Extent of Pre to Post Harappan Civilisation

Extent of Pre to Post Harappan Civilisation
Pre Harappan is a Neolithic (7000 BCE to c. 2500 BCE) site to the west of the Indus River valley, near the capital of the Kachi District in Pakistan, on the Kacchi Plain of Balochistan, near the Bolan Pass. According to Ahmad Hasan Dani, professor emeritus at Quaid-e-Azam University, Islamabad, the discovery of Mehrgarh "changed the entire concept of the Indus civilisation  There we have the whole sequence, right from the beginning of settled village life. Mehrgarh is one of the earliest sites with evidence of farming and herding in South Asia. According to Parpola, the culture migrated into the Indus Valley and became the Indus Valley Civilisation.

Various Harrappan Era Sites


Mehrgarh was influenced by the Near Eastern Neolithic, with similarities between "domesticated wheat varieties, early phases of farming, pottery, other archaeological artefacts, some domesticated plants and herd animals. Gallego Romero et al. (2011) notice that the earliest evidence of cattle herding in south Asia comes from the Indus River Valley site of Mehrgarh and is dated to 7,000 YBP.

Lukacs and Hemphill suggest an initial local development of Mehrgarh, with a continuity in cultural development but a change in population. According to Lukacs and Hemphill, while there is a strong continuity between the neolithic and chalcolithic (Copper Age) cultures of Mehrgarh, dental evidence shows that the chalcolithic population did not descend from the neolithic population of Mehrgarh, which "suggests moderate levels of gene flow. Mascarenhas et al. (2015) note that "new, possibly West Asian, body types are reported from the graves of Mehrgarh beginning in the Togau phase (3800 BCE). According to Narasimhan et al. (2018), the IVC-population likely resulted from a mixture of Iranian agriculturalists and South Asian hunter-gatherers, and came into being between ca. 4700–3000 BCE.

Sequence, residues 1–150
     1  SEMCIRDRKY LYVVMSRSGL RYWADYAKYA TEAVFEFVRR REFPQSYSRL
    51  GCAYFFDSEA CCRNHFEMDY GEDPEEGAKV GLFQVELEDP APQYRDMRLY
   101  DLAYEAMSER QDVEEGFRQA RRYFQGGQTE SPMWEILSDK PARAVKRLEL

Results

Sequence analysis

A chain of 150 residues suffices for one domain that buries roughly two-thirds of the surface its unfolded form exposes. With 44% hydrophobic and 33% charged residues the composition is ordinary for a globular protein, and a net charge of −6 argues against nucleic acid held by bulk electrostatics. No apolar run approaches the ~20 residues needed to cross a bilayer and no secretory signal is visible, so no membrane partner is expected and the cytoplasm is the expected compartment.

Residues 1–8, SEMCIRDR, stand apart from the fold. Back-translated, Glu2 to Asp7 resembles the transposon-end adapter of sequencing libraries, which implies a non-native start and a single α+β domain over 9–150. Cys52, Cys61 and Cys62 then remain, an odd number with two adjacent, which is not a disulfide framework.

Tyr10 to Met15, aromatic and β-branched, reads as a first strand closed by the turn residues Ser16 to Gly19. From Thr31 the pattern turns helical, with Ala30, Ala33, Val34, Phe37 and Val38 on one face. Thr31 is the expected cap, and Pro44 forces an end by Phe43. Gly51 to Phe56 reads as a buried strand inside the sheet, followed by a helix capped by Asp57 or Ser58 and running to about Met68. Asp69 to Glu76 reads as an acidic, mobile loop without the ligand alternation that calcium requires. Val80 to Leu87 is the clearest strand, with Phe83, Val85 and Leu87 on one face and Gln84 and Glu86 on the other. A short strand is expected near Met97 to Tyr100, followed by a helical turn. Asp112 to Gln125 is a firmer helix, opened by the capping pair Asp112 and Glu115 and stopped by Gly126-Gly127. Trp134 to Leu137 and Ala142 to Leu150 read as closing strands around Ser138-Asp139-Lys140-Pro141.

Extent of Indus Valley Civilisation in Early Harrappan Phase

The Early Harappan Ravi Phase,
 named after the nearby Ravi River, lasted from c. 3300 BCE until 2800 BCE. It is related to the Hakra Phase, identified in the Ghaggar-Hakra River Valley to the west, and predates the Kot Diji Phase (2800–2600 BCE, Harappan 2), named after a site in northern Sindh, Pakistan, near Mohenjo-daro. The earliest examples of the Indus script date to the 3rd millennium BCE.

The mature phase of earlier village cultures is represented by Rehman Dheri and Amri in Pakistan. Kot Diji represents the phase leading up to Mature Harappan, with the citadel representing centralised authority and an increasingly urban quality of life. Another town of this stage was found at Kalibangan in India on the Hakra River.

Trade networks linked this culture with related regional cultures and distant sources of raw materials, including lapis lazuli and other materials for bead-making. By this time, villagers had domesticated numerous crops, including peas, sesame seeds, dates, and cotton, as well as animals, including the water buffalo. Early Harappan communities turned to large urban centres by 2600 BCE, from where the mature Harappan phase started. The latest research shows that Indus Valley people migrated from villages to cities.

The final stages of the Early Harappan period are characterised by the building of large walled settlements, the expansion of trade networks, and the increasing integration of regional communities into a "relatively uniform" material culture in terms of pottery styles, ornaments, and stamp seals with Indus script, leading into the transition to the Mature Harappan phase.


Extent of Indus Valley Civilisation in Mature Harrappan Phase

Mature Harappan Period, c. 2600–1900 BCE
According to Giosan et al. (2012), the slow southward migration of the monsoons across Asia initially allowed the Indus Valley villages to develop by taming the floods of the Indus and its tributaries. Flood-supported farming led to large agricultural surpluses, which in turn supported the development of cities. The  residents did not develop irrigation capabilities, relying mainly on the seasonal monsoons leading to summer floods. Brooke further notes that the development of advanced cities coincides with a reduction in rainfall, which may have triggered a reorganisation into larger urban centers.

According to J. G. Shaffer and D. A. Lichtenstein, the Mature Harappan Civilisation was "a fusion of the Bagor, Hakra, and Kot Diji traditions or 'ethnic groups' in the Ghaggar-Hakra valley on the borders of India and Pakistan".

By 2600 BCE, the Early Harappan communities turned into large urban centres. Such urban centres include Harappa, Ganeriwala, Mohenjo-daro in modern-day Pakistan, and Dholavira, Kalibangan, Rakhigarhi, Rupar, and Lothal in modern-day India. In total, more than 1,052 cities and settlements have been found, mainly in the general region of the Indus Rivers and their tributaries.

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